BETHANY MOULE TARGETING WELSH SENIOR RECORD AFTER NEW PERSONAL BEST

Skewen javelin star Bethany Moule was blown away by a massive personal best at the British Championships and hopes she can complete the set of Welsh records next year. The 18-year-old threw the pole 51.27 metres in the third round in Manchester to break the Welsh Under-20s record and win bronze, her maiden national medal. Bethany holds Under-15s, Under-17s and Under-20s records, and now has her sights set on the senior mark.
24 November, 2020

Skewen javelin star Bethany Moule was blown away by a massive personal best at the British Championships and hopes she can complete the set of Welsh records next year. The 18-year-old threw the pole 51.27 metres in the third round in Manchester to break the Welsh Under-20s record and win bronze, her maiden national medal.

Bethany holds Under-15s, Under-17s and Under-20s records, and the Neath Harriers youngster now has her sights set on the senior mark, Tesni Ward's 52.28m throw from 2011.

"It was a massive shock, I really wasn't expecting to throw that far," said Bethany, who has just left Neath College to start a pharmacy degree at Cardiff University, and is financially supported by GVC Holdings and SportsAid through the Pitching In initiative.

"I'd thrown twice before Manchester and one of them was a 44 which was a long way from what I'd hoped for. The Welsh record would mean a lot and then the benchmark for women's javelin is the 60-metre mark. I'm very proud of my performance given everything that's happened this year."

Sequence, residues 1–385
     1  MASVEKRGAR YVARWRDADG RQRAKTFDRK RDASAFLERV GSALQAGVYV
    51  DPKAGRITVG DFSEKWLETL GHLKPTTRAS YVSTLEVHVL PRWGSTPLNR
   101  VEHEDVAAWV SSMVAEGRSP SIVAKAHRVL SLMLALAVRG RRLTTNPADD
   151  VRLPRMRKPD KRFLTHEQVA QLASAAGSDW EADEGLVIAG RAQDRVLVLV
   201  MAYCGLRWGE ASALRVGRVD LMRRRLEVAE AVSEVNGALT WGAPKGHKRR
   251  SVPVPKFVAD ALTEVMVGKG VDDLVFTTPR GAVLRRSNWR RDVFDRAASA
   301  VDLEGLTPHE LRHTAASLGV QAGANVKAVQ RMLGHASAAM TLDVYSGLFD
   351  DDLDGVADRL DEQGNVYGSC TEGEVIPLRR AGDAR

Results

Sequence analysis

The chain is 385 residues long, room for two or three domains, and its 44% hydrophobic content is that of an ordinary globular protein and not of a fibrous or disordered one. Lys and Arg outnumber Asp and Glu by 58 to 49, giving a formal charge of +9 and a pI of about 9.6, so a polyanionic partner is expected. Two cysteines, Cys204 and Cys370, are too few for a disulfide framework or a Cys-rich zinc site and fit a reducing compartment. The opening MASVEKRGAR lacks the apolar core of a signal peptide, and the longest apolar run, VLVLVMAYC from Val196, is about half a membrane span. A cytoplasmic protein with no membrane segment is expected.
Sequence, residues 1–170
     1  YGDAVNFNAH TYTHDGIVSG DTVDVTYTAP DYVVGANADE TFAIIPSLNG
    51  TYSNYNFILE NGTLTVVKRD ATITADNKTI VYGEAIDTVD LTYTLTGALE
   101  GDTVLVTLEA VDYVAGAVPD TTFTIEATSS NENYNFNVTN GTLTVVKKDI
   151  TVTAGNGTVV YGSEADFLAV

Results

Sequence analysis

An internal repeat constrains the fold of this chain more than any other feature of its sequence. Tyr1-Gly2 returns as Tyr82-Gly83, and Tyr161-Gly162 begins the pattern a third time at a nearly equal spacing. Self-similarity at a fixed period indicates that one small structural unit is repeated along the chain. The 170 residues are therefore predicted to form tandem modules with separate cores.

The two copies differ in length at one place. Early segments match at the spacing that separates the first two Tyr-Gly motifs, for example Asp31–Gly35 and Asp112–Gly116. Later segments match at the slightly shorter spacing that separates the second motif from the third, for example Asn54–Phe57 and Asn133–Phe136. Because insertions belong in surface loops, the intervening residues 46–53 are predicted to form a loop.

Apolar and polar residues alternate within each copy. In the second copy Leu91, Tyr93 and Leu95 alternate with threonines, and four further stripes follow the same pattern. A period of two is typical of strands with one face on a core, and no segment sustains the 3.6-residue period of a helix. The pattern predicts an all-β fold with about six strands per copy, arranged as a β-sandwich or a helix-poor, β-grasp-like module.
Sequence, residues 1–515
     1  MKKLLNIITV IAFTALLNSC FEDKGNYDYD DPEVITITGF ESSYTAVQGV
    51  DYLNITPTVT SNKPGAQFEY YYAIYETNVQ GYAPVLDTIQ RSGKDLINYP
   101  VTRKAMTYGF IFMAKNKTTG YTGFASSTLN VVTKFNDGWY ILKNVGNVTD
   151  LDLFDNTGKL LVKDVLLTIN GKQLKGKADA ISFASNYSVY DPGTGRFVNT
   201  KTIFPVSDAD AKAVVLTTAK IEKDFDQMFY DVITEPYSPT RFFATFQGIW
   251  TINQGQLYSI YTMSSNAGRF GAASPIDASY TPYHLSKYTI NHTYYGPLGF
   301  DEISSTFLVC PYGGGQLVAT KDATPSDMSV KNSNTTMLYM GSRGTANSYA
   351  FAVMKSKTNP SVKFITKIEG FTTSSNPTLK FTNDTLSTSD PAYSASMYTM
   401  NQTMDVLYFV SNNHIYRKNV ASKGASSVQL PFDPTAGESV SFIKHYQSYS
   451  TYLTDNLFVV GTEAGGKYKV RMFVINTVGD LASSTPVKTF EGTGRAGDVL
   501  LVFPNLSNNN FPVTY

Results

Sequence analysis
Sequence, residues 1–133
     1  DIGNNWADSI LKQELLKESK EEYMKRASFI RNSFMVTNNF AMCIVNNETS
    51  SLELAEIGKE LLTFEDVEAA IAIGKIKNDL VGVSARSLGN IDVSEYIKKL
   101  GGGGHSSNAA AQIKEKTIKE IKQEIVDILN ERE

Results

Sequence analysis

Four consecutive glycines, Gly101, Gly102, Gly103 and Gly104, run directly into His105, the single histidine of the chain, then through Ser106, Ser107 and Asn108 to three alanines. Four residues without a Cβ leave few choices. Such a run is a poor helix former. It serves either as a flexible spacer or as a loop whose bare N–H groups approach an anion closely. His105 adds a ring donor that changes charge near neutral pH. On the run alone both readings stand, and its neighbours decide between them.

Bethany’s personal mark was all the more impressive considering she didn't throw a javelin for more than two months during lockdown. The teenager could only throw a weighted throwing ball in a field near her Neath home, unable to access the track or an area large enough to throw the full implement.

Soon she struck a deal with a local rugby club where she could practice her full run but she was thrilled with her throw in Manchester in trying circumstances.

"It was hard to know whether what I was doing with the ball was good enough because it's so different to what I normally do," she said. "I kept training five or six days a week but it was hard without a competition to aim for. I think I've used 2020 as an opportunity to progress and hopefully that can help me go further next year."

Bethany had qualified to represent Great Britain at the European Throwing Cup before it was cancelled and her attention now turns to the 2022 Commonwealth Games.

"Goldie Sayers was the last to get to 60 in Britain and no-one has got close to that in recent years," she said. "It would be incredible to be up there by 2022 and I'd love to be the one to puncture that hole and get there."

GVC announced a three-year partnership with SportsAid in 2019 to help young talented athletes, just like Bethany, realise their potential and pursue their sporting ambitions.

The investment provides funding for training, travel and equipment, and allows athletes to access mentoring by Olympians and Paralympians on topics such as nutrition, media and sports psychology.

“Having SportsAid funding there is massively helpful,” said Bethany. “Javelins cost more than 600 pounds and it’s been a massive help to know that you don’t have to worry about the cost of them.

“I would have struggled if the money hadn’t been there to afford flights and accommodation in the various places I compete in.

“It paid for my hotel when I went to Manchester last month for the British Championships, where I threw a personal best. It’s been so important for me.

“As well as the money you get a confidence boost as an athlete for knowing that SportsAid are supporting you. It gives you an extra bit of belief that you’re doing the right thing and security that they care about how you’re doing.”

GVC is proud to be championing the next generation of British sporting heroes by providing talented young athletes with financial support and personal development opportunities in partnership with SportsAid. Please visit gvc-plc.com to find out more.